"You look at Jason, you look at Michael, it's a huge frickin' deal," Bragman says. "The media is just drooling like a dog, treating this like a piece of prime rib, waiting for this happen, and I think that media attention can be a magnifying glass that most people don't want to be under."

It's an observer's paradox, in which the journalist and the wider world insert their own perspectives into whatever the athlete needs to say in coming out. "Michael Sam is a great example of this, a guy who gets ordained as our 'leader,' and then once that story has been out there, he's on his own," Bean says. "You hear him now, and it's starting to feel like he's starting to think that if he had to do it over again, he might do it differently than the way he did it. It's a beginning, not some culmination, the decision to come out. The guy still has to go out and play."

Rather than indulging this self-absorbed mania for the new as a way of demonstrating how much better things are today, we should remember the history of LGBT people in sports. In MLB, for every David Denson (the Brewers prospect who came out this summer) or Sean Conroy (the independent league pitcher who did the same), there are former big leaguers like Glenn Burke and Bean, or umpire Dave Pallone. For every Michael Sam in the NFL, there's a Dave Kopay or Esera Tuaolo or Wade Davis or Jerry Smith. LGBT people have played sports for decades. This isn't new, even if it's news.

The "outness" of historical figures is often a matter of opinion or moral relativism, telling us more about the expectations we have of athletes than whether or not they lived their truth. Many teammates and opponents knew that Burke and Smith were gay -- Burke in particular suffered for it at the hands of A's manager Billy Martin in the late 1970s and early '80s, while Smith was accepted by Hall of Fame coach Vince Lombardi a decade earlier. "Glenn would have thrived in this generation, because he was unafraid to say, 'This is me, if you don't like me, tough s---,'" Bean says of Burke. "But he was way ahead of his time."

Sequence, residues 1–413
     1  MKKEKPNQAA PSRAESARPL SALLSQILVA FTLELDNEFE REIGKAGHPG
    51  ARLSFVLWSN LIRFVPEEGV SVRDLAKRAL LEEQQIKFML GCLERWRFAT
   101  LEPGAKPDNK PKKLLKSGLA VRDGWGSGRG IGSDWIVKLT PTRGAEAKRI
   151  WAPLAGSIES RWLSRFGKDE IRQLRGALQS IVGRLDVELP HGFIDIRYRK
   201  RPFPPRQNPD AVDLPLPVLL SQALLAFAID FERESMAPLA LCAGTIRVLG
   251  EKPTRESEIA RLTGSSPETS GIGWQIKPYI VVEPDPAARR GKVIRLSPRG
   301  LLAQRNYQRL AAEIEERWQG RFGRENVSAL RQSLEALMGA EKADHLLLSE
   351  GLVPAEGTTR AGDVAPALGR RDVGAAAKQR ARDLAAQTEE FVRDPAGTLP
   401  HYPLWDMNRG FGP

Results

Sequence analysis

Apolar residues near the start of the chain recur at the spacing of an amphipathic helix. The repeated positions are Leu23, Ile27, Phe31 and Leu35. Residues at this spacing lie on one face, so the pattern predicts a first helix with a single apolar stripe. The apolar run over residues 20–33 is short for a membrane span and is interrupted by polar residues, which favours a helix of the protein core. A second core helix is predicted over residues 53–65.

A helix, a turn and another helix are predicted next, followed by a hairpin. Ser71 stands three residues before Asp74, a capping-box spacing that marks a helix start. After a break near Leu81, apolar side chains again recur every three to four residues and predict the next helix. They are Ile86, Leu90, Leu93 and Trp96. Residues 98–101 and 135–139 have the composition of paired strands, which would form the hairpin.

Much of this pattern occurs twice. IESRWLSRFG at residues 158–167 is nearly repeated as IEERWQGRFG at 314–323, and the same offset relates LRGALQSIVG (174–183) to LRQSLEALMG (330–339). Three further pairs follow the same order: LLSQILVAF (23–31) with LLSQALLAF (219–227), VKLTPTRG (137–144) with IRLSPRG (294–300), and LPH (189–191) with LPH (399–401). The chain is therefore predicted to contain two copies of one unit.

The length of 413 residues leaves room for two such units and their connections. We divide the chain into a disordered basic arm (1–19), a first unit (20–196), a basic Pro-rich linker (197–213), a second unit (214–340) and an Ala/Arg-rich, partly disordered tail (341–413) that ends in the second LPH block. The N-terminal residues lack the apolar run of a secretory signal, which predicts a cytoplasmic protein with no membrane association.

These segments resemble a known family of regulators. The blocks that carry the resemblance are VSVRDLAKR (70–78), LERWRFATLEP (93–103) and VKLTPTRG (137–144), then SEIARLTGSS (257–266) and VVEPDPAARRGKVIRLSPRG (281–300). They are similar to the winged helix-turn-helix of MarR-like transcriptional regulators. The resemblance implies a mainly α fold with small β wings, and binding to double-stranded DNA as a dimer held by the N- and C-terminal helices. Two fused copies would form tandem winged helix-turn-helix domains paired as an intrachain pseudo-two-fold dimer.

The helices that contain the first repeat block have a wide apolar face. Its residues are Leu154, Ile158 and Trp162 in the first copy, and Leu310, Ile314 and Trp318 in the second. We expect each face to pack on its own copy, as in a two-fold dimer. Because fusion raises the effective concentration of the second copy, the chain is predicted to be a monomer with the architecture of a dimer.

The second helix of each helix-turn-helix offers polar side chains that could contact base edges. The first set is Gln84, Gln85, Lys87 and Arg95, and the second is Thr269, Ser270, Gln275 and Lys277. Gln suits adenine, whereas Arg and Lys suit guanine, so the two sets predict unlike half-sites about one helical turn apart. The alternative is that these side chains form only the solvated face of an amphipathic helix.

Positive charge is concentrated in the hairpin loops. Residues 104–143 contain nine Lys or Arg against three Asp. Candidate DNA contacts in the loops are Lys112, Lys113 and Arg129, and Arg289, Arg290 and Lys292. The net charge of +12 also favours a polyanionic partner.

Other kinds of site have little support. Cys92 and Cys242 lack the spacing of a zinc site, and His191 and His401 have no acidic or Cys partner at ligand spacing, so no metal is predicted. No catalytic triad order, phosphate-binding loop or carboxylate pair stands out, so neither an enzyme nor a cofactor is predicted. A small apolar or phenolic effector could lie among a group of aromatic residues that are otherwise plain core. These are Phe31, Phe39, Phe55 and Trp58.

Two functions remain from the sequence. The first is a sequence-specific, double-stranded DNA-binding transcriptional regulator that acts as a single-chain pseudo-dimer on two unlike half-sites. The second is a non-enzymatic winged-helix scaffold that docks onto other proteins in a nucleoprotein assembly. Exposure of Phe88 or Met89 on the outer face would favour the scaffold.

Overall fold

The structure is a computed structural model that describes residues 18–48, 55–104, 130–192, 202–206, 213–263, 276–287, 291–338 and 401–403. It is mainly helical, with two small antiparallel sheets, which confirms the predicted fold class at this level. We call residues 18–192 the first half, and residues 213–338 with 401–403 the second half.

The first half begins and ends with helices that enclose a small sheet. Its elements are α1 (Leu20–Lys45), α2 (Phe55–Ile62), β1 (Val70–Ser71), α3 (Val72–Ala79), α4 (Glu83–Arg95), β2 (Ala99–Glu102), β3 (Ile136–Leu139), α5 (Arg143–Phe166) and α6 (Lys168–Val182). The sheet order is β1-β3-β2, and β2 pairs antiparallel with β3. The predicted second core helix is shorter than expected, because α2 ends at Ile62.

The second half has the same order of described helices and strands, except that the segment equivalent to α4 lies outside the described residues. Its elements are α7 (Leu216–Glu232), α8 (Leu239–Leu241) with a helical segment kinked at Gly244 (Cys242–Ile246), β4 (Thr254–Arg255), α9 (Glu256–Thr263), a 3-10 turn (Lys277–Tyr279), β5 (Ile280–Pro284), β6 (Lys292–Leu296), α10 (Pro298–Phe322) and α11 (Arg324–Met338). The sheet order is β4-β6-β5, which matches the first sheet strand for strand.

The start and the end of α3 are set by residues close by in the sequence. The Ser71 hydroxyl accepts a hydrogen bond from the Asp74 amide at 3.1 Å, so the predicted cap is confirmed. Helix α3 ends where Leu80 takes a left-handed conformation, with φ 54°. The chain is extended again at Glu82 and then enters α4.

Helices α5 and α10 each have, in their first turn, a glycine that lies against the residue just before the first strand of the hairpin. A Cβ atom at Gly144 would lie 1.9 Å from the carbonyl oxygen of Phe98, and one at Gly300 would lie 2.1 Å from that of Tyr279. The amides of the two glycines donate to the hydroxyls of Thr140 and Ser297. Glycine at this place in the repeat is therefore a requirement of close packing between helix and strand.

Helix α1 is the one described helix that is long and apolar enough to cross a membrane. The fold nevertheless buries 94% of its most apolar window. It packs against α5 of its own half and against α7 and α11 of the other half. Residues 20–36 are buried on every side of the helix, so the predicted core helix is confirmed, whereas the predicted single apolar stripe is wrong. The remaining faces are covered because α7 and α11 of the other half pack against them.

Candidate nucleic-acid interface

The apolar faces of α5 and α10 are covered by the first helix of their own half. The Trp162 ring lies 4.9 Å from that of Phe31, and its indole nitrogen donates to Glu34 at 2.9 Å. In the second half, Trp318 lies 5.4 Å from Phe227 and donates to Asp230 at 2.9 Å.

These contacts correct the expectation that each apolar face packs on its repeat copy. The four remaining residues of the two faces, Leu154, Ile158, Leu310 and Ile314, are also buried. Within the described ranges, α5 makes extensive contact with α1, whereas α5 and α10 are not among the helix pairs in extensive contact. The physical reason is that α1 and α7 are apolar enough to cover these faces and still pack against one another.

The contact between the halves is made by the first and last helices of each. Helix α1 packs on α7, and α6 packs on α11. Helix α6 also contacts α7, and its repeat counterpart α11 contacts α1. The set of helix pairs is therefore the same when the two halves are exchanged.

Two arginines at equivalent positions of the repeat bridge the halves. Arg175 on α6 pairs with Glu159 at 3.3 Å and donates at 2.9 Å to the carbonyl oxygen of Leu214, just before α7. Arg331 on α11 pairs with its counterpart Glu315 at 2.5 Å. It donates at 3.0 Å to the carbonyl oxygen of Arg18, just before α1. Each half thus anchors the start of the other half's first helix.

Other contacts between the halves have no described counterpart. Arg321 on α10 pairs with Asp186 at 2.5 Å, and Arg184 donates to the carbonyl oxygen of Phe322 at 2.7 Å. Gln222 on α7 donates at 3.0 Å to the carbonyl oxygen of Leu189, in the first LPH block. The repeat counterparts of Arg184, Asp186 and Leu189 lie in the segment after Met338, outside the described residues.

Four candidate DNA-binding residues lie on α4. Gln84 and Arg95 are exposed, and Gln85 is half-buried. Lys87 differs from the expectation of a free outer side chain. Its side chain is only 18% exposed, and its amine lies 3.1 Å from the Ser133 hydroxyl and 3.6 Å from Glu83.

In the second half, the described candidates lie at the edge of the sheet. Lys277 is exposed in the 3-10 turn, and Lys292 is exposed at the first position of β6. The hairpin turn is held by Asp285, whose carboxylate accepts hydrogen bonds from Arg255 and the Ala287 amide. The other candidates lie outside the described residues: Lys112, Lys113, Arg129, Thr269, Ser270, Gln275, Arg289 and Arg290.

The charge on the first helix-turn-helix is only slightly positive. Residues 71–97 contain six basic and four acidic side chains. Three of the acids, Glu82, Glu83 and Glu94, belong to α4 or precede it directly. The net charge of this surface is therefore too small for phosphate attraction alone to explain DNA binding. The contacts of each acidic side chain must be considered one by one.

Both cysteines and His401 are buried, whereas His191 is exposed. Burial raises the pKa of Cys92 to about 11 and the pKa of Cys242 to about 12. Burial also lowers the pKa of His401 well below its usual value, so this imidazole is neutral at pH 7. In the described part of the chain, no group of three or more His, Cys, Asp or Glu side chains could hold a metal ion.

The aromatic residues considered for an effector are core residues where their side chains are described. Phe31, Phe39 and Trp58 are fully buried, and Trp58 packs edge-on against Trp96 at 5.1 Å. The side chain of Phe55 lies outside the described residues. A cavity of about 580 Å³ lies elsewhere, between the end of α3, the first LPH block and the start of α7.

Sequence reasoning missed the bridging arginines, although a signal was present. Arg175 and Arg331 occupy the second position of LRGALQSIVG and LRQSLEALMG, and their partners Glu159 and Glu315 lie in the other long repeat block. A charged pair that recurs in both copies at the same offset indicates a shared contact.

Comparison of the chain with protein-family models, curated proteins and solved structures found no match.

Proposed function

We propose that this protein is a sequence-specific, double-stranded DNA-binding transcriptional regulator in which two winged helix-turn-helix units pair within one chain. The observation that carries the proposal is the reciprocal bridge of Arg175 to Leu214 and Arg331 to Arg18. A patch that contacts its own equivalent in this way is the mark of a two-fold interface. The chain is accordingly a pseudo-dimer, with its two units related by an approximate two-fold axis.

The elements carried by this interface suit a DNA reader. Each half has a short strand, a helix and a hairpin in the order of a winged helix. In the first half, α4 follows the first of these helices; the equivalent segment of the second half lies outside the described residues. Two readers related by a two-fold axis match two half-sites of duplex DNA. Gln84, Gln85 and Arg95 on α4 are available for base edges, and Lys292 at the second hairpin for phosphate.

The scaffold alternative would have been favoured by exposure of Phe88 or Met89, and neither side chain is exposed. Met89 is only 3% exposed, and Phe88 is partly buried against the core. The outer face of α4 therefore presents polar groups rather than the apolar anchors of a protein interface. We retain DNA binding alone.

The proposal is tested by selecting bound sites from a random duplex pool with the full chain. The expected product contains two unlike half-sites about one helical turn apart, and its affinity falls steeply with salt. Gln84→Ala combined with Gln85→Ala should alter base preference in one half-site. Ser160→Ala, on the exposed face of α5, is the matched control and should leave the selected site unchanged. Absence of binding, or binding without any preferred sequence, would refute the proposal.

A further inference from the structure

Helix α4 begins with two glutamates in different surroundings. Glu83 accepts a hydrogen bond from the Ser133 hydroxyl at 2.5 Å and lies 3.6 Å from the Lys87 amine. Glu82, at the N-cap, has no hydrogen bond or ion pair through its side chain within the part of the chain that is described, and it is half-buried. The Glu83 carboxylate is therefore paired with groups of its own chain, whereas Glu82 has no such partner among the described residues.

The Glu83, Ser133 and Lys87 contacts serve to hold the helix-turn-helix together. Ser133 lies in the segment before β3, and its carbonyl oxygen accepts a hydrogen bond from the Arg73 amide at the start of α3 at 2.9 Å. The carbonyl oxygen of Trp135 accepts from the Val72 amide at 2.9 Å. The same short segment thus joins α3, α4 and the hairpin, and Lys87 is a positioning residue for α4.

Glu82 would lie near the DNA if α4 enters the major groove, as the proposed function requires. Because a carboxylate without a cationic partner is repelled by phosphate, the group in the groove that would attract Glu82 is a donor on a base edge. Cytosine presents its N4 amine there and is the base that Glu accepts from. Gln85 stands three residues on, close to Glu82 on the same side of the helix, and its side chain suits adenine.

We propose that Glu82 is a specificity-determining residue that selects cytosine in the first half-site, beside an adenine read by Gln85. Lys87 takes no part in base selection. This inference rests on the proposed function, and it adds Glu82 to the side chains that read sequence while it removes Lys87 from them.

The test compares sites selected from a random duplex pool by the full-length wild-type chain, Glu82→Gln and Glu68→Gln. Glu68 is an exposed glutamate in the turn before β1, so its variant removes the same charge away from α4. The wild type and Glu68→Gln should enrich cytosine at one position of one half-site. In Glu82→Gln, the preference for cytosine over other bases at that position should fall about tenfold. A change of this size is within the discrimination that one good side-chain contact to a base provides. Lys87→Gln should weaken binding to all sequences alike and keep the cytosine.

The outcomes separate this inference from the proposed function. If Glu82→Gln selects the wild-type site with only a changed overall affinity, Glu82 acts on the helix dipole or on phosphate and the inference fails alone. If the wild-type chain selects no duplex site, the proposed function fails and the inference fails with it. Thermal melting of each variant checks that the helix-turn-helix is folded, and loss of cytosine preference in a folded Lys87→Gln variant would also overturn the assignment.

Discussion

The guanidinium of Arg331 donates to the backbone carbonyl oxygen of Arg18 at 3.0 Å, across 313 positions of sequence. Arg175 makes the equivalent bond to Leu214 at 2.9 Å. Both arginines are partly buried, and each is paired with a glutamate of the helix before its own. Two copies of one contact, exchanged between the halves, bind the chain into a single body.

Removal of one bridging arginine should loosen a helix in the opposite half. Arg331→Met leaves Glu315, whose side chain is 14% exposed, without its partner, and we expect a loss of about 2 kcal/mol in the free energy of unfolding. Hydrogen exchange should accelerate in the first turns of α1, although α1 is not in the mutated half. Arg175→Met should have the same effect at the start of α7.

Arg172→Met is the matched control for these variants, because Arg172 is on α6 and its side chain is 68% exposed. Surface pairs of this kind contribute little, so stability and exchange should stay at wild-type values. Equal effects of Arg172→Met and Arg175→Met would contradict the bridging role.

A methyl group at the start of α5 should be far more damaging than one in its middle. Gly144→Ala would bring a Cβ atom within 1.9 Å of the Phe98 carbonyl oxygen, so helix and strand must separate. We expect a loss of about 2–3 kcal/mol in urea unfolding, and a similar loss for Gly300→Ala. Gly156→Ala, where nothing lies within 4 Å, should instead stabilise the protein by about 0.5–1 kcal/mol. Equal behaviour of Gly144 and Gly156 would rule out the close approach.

There is also a different set of expectations placed on athletes coming out today -- a balancing act that isn't easy to manage in addition to an active career. "These things aren't necessarily core to how you want to be perceived as an athlete," Bragman says. "Unless you're someone at the end of your career, like Jason, you don't want to be perceived as an activist, you want to be perceived as an athlete. Yet at the same time, by the simple act of coming out, you're an activist!"

The majority of gay, lesbian and transgender athletes don't want to spend much time talking about what makes them different. "Unless you're in the elite 5 percent who don't have anything to worry about, you're somebody who's worried about your job every week on every play," Bragman adds. "And talking to some of the guys who are in the closet, they just don't want to make it an issue. They would just like to play and go on and deal with it later." Instead, they're looking for cues that it's OK to be different while they strive within their sports to be like everyone else on the field. It's a delicate balance that's negotiated in real time, and the process doesn't stop after an athlete's coming-out moment, as shown by Derrick Gordon's complicated evolution over the past year and a half. Achieving that balance happens only on a case-by-case basis; it depends on the strength of the individual allies that LGBT players find in each locker room.

"We need people ready to send micro-signals so that athletes know, if they were to come forward, that people would have their back," Collins says. "I had those signals from Doc Rivers when I was a player; he did an interview with an LGBT magazine. He was asked about how he would respond if a player came out, and he said that player would be treated no differently than any other member of the team. So I knew that I would have an ally when I read that article."